And, in one of his most powerful insights, Raban suggests that the Pacific Northwest Indians actually saw a sea that was diametrically opposed the European's. For the Indian, the sea provided them with a neighborhood, around which they "loitered, scuffed their heels, and traded small talk." The mountains, on the hand, which the Europeans found so comforting, represented for the Indians


the formless and primordial flux, "that state of barbaric vagueness and disorder out of which civilization has emerged and into which, unless saved by the efforts of gods and men, it is always liable to relapse," as W.H. Auden wrote of the ocean. They were utterly inhospitable to mankind. The terrible thunder-eagle, chaos incarnate, had his eyrie there. The mountain peaks, in all their meaningless variety, were unnamable. But the Tlingits had a thousand names for the sea.


For his part, Raban spends his time worrying about the chaos that lies under the boat, for obvious practical reasons. As he sails quietly out of Seattle's Ship Canal and into deeper waters, he studies the wealthy suburban neighborhoods built right to the water's edge:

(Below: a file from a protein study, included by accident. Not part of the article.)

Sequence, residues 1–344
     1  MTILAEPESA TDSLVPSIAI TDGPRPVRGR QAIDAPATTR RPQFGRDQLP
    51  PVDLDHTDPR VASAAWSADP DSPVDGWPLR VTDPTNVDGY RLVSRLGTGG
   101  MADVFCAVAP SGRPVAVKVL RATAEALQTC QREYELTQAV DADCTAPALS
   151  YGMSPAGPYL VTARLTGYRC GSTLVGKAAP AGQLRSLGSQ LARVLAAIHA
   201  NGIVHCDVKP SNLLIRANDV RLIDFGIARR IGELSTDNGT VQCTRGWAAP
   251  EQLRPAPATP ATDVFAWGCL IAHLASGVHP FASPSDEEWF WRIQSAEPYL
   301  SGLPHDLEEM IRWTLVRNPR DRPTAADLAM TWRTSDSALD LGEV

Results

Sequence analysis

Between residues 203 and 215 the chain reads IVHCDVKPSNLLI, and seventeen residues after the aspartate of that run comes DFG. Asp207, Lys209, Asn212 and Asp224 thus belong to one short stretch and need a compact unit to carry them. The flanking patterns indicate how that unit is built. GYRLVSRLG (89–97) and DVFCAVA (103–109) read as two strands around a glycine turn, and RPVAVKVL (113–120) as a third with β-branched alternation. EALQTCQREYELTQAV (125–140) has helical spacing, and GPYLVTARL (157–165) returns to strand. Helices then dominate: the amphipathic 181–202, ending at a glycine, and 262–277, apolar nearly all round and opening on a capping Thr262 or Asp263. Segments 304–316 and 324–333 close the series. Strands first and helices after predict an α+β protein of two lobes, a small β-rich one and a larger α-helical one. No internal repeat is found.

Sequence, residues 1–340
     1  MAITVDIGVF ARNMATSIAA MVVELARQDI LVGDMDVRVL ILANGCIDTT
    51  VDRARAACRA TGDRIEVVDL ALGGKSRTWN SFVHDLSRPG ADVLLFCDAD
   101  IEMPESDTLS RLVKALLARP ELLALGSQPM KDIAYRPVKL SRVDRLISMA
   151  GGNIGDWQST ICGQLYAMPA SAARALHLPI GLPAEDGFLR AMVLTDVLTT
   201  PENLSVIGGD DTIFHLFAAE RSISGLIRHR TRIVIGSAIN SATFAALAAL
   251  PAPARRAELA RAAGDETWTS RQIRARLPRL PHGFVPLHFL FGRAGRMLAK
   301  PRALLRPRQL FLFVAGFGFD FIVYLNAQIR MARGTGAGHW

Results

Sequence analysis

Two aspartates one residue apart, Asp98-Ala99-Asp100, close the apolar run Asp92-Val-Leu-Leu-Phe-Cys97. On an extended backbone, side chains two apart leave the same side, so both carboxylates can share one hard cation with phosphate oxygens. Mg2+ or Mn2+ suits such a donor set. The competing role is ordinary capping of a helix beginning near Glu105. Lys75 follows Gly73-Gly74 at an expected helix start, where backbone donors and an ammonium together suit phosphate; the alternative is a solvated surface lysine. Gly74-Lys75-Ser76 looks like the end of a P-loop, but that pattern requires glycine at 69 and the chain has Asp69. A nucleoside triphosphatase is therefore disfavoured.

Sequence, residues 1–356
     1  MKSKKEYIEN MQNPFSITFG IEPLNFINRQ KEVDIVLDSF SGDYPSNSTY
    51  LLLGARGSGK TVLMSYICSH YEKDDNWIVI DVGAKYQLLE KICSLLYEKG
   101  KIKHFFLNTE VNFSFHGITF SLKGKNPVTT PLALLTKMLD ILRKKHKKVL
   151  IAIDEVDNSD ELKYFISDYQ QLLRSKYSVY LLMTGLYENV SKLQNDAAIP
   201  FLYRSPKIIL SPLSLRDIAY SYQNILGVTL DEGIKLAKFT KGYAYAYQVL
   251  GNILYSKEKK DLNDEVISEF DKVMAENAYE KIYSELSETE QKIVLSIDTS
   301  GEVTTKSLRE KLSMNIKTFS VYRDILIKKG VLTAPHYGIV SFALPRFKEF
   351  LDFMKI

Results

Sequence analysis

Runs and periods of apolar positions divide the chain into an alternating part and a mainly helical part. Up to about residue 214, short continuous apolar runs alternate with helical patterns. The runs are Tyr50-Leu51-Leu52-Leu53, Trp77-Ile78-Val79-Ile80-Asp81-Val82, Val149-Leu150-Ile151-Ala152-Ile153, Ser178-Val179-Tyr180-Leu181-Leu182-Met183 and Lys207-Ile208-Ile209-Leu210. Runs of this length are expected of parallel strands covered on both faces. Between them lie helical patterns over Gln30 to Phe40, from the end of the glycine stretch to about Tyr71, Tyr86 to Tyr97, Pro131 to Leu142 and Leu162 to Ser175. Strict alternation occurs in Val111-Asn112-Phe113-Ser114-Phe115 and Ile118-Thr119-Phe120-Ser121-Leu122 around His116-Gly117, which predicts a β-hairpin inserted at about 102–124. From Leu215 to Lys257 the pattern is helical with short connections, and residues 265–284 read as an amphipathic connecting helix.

These impeccable lives were being conducted right on the lip of the abyss. Past the lawn-statue of Cupid there yawned a world of frigid darkness, inhabited by slimy creatures with tentacles and fleshy suckers, of the kind that surface in exceptionally bad dreams. Did people know? Or was this a secret that realtors assiduously kept from their clients, like news of a projected neighborhood methadone clinic?


Ah, the Abyss....which brings up what is possibly the book's most powerful aspect: Passage to Juneau is at least partly a rather mournful self-examination--Raban, it would seem, is sailing among ghosts and feeling the weight of his own mortality. Of course, Captain Van is an ever-hovering ghost, and, in a telling parallel, Raban also meets his own father's ghost on the water, when he returns to the boat after a nine-week break to care for his dying father in England. In some strange way, Captain Van (a father to his unhappy, rebellious crew) is like Raban's own father--with one significant difference. Unlike Captain Van, Raban's father learned to adapt and change, shifting from staunch conservatism to the Labor Party in the 1960s, and thereby saving himself from the premature obsolescence into which youth perennially shoves the waning generation. (Captain Van, for his part, ended up largely forgotten and embittered in London.)